The conch has been blown. The holy month of West Bengal has arrived. The most awaited time that marks the beginning of a series of festivals. The Holy land of India is known for its diverse culture, vibrancy, festivals and celebrations. Like every state of India, West Bengal too has its festivals and flavors to show off to the world and that is: Durga Puja, Fish Curry and Rosogolla.
Durga Puja isn’t just a religious event for the Bengalis. It’s a cultural event, an event looked forward to, an event that gives Bengal its identity. Think of a Durga Puja scenario: Conch Shell, Red and White Sari, Ululudavni, Grand Pandals and a flooding crowd. Doesn’t this remind you of Kolkata? Well, it’s not just Kolkata but every little town of Bengal is painted with the same scenario.
At the start of this devastating year, 2020, with the attack of the novel Coronavirus, there had been rumours that Bengal will not be celebrating its auspicious festival this year. But the CM of West Bengal, Mamata Banerjee, was quick to respond to the fake news and cleared any further confusion on the matter making it evident that Bengal is all set to welcome their Goddess, Maa Durga.
However, Durga Pooja seems to be more reluctant this year, as it has been delayed by 35 days. No, it’s not because of the pandemic or curfews. It is because of the shift of the date in the calendar. Wondering how?
The conch of Mahalaya marks the beginning of the 9 days stay of Maa Durga in her homelend. Statues are brought in and pandals are made for the puja. But this year, the most awaited puja is delayed by more than a month. Mahalaya or Mahalaya Amavasya puts an end to the two weeks Pitru Paksh Shraad, a fortnight when every family worships their ancestors and hence commences the Devi Paksha or Durga Puja. The devotees fast for 8-9 days and offer prayers to Maa Durga. The celebration begins on the Mahashahsti or the 7th day of the Durga Puja. Having said that, the 35 days delay in this year’s Durga Puja is because of the occurrence of “Mala Mash” or the “Unholy Month”, a month that will experience two New Moons, called “Amavasya”. This is the time when any kind of holy or auspicious celebrations are avoided. In past, the festival was delayed in the year 1982 and 2002.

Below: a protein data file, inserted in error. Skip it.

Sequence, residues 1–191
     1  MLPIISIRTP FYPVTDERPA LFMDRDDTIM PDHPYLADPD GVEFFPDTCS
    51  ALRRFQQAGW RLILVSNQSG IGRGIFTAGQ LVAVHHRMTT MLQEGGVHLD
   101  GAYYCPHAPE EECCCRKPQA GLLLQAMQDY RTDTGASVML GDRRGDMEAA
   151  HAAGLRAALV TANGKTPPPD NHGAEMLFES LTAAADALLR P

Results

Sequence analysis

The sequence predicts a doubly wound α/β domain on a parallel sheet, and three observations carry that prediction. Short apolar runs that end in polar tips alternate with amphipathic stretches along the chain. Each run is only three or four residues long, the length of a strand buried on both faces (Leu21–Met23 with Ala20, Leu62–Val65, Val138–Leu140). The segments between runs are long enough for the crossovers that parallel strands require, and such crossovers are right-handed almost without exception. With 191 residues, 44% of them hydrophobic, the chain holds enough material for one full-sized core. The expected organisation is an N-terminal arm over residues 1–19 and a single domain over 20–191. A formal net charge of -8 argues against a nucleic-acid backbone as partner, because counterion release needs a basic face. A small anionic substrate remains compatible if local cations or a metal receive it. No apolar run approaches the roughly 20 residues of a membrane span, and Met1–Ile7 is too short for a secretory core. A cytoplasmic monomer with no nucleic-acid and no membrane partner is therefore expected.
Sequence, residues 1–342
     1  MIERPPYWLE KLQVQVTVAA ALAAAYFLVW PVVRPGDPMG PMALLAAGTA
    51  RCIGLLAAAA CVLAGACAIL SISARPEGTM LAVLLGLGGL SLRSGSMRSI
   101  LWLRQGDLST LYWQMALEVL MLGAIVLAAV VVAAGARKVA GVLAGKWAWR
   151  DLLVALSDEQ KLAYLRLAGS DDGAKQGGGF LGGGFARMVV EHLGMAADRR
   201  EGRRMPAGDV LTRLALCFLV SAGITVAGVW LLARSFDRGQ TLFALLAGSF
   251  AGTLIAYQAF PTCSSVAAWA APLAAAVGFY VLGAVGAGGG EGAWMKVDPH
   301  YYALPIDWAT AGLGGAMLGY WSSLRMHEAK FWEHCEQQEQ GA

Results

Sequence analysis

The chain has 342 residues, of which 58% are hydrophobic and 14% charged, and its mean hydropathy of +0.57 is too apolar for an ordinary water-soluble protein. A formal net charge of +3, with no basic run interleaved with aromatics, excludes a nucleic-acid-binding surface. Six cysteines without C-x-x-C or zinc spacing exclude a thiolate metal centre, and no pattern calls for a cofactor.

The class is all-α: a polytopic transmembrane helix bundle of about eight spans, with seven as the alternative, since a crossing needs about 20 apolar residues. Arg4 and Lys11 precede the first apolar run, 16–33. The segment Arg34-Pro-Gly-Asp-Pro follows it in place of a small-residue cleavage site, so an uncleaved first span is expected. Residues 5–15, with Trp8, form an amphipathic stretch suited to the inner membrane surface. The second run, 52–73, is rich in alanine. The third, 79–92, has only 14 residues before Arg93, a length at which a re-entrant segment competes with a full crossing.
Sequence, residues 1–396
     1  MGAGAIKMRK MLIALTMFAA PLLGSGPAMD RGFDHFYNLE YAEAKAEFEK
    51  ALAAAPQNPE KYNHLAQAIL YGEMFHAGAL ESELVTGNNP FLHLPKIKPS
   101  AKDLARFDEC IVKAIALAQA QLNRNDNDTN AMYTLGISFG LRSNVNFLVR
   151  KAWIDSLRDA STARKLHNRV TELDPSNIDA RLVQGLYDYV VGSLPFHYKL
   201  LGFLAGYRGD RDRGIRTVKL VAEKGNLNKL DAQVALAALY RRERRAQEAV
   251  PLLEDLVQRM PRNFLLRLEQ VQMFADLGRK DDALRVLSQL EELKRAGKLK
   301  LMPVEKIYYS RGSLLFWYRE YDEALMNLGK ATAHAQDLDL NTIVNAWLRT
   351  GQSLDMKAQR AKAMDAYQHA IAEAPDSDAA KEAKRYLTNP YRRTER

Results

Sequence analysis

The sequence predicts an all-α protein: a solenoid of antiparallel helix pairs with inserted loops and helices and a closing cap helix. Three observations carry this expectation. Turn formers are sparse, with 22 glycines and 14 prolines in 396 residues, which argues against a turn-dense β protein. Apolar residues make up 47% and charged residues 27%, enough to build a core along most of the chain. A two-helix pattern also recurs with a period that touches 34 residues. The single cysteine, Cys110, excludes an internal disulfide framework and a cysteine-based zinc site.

On 17th of October, this Lunar Month, also known as the Bengali Month of Ashwin will end and the Devi Paksha will begin with “Pratipad” or the first day of Shradiya Navratra and hence commences the auspicious and the most awaited festival of West Bengal: Durga Puja or “Durgo Pujo“.